Awareness of body dysmorphia in the 1800s
Even though we’re only, over the last few decades, coming to terms with its seriousness, BDD and its lesser forms were discovered by psychiatrists as early as the 1800s. Back in the late 1800s, Dr. Enrico Marselli described BDD as an “idea of deformity”.
Marselli said that these people are:
….really miserable; in the middle of his daily routines, conversations, while reading, during meals, in fact everywhere and at anytime, is overcome by the fear of deformity…which may reach a very painful intensity, even to the point of weeping and desperation.
Later in 1930s German terms such as “Schönheitshyochondrie” or ‘beauty hypochondria’ as well as “Hässlichkeitskümmener” or ‘one who is worried about being ugly’ were utilized to describe this body dysmorphia.
The damaging part is where these insecurities, as we mentioned earlier, seep into all aspects of a person’s life. Whether it’s personal, professional, relationships, career success, self-development, or self-esteem, the idea that a person’s lagging physique is a reason for their lack of happiness in other areas of life, is incredibly self-limiting. Much like how anger is self-limiting to athletic performance.
Fortunately we’re also seeing a lot of positivity from other sources of media. Or counter culture. Whether its: people making online videos, podcasting, or blog posts, more people have a voice to share their own experiences. Their voices can provide an outlet for people to find positivity in body ________________________________________________________________________________
Obviously, if a person is experiencing severe disorder-like behaviour, seeing a professional (like a therapist) should definitely be a course of action to consider. ______________________________________________________________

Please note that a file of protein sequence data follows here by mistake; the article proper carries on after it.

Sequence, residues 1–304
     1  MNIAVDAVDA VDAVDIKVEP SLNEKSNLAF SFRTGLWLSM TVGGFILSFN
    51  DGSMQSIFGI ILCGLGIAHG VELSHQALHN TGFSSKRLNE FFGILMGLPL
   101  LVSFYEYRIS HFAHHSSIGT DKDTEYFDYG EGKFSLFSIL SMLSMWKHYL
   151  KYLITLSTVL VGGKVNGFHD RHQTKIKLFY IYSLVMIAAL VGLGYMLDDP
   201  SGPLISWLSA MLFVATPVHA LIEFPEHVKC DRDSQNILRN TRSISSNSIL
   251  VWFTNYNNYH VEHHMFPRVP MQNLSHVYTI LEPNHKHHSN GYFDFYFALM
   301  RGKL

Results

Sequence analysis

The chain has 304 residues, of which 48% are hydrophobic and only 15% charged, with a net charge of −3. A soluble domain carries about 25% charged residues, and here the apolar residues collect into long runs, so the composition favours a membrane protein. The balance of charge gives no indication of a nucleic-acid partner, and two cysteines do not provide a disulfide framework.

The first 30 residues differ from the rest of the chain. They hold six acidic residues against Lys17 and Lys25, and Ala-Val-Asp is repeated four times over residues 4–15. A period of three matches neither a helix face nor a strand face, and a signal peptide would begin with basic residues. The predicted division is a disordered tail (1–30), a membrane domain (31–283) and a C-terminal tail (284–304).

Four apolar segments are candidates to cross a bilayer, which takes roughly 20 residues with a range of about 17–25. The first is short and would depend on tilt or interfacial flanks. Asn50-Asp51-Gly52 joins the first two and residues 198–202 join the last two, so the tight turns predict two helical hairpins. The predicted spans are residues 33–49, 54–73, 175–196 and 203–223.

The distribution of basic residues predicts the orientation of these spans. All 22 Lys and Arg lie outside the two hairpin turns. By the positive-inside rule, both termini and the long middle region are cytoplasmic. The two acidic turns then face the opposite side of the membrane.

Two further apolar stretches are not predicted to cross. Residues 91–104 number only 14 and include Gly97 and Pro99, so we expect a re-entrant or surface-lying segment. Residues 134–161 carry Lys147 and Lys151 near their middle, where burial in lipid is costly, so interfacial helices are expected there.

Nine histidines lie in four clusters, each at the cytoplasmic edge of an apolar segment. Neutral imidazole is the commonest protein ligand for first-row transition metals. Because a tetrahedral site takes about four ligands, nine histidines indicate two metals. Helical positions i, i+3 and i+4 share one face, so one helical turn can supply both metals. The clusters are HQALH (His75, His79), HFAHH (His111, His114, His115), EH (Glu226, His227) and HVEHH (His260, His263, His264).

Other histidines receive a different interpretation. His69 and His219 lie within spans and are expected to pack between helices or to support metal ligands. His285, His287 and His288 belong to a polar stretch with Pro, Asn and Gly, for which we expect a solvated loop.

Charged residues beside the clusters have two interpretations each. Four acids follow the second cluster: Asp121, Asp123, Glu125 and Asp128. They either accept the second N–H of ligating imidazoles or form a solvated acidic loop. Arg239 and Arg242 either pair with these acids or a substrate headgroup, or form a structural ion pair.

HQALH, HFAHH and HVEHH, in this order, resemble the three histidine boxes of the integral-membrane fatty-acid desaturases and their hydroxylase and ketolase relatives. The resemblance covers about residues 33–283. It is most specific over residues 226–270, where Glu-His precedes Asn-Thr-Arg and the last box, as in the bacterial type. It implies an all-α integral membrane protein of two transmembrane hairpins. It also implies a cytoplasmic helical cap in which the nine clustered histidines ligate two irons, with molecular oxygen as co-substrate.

But what if you still have insecurities, even if it’s not necessarily BDD or Bigorexia?
I think it’s all about intention. Competing to improve yourself before competing to smash other people is one area for improvement. This is anecdotal of course, but, personally, you become more competitive when you’re deepest source of motivation is with out-performing your past-self.
Holding that as the main reason for physical training feels healthier. If you have a positive intention that builds your self-esteem and character than even if you start to get stressed about over others, you have a positive reference point to remind you of why you’re doing it. Since this deep conviction is one that’s self-building rather than self-debasing, it builds momentum that can raise self-esteem.
Another idea is something that I learned from Brett Mckay from the Art of Manliness blog. The idea is to use your character strengths as the deepest form of deriving self-satisfaction from.
Character strengths, Brett says, are those strengths that are deepest to your very person. They are those strengths that when exercised, you experience an incredible rush of self-satisfaction, regardless of the medium they are used in.
The reason for trying to derive your level of self-worth from your character strengths rather than your physical abilities is because of their versatility and longevity. Everything you’ve experienced as a person to this point in your life, have developed strengths that in turn describe your character. That way, no matter what happens, no matter what high or low you’re experiencing, you can still exercise and embody these strengths. They are inherently ours and simply possessing them can empower us.
Regardless, extrinsic factors still exist. Why else did Caesar wear a wreath to hides his baldness, or Hannibal wear a wig into battle? Yet trying to derive intrinsic desire to training can help curb the nasty stuff that external influences can have on body image. Especially with social media.
Overcoming the Adonis Complex
In The Adonis Complex, psychiatrists, psychiatrists, Harrison Pope, Katharine Phillips, and Roberto Olivardia summarize their advice on overcoming ordinary body image concerns as:
Don’t buy into the media images around you
The authors point out that men specifically should learn from the lessons of women’s standards of beauty and adapt in a likewise manner: “Don’t fall for the media images.” This got me also thinking about something that honest naturals in the fitness-YouTube community talk about.